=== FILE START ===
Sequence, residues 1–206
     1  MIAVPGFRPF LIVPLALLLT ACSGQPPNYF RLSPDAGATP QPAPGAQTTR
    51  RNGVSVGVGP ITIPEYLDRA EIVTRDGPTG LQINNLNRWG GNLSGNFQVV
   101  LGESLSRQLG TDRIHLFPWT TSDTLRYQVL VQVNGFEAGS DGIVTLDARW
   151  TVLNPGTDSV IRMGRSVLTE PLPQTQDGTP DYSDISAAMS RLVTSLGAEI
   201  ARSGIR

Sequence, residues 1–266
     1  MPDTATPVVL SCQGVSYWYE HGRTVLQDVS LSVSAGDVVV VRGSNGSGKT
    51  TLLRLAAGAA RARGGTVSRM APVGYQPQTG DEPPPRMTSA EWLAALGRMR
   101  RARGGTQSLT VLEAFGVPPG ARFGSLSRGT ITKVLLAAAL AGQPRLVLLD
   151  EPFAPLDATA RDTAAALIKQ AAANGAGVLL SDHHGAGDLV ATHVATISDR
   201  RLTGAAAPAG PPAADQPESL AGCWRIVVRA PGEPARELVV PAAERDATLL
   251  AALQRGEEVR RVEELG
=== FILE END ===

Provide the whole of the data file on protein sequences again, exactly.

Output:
Sequence, residues 1–206
     1  MIAVPGFRPF LIVPLALLLT ACSGQPPNYF RLSPDAGATP QPAPGAQTTR
    51  RNGVSVGVGP ITIPEYLDRA EIVTRDGPTG LQINNLNRWG GNLSGNFQVV
   101  LGESLSRQLG TDRIHLFPWT TSDTLRYQVL VQVNGFEAGS DGIVTLDARW
   151  TVLNPGTDSV IRMGRSVLTE PLPQTQDGTP DYSDISAAMS RLVTSLGAEI
   201  ARSGIR

Sequence, residues 1–266
     1  MPDTATPVVL SCQGVSYWYE HGRTVLQDVS LSVSAGDVVV VRGSNGSGKT
    51  TLLRLAAGAA RARGGTVSRM APVGYQPQTG DEPPPRMTSA EWLAALGRMR
   101  RARGGTQSLT VLEAFGVPPG ARFGSLSRGT ITKVLLAAAL AGQPRLVLLD
   151  EPFAPLDATA RDTAAALIKQ AAANGAGVLL SDHHGAGDLV ATHVATISDR
   201  RLTGAAAPAG PPAADQPESL AGCWRIVVRA PGEPARELVV PAAERDATLL
   251  AALQRGEEVR RVEELG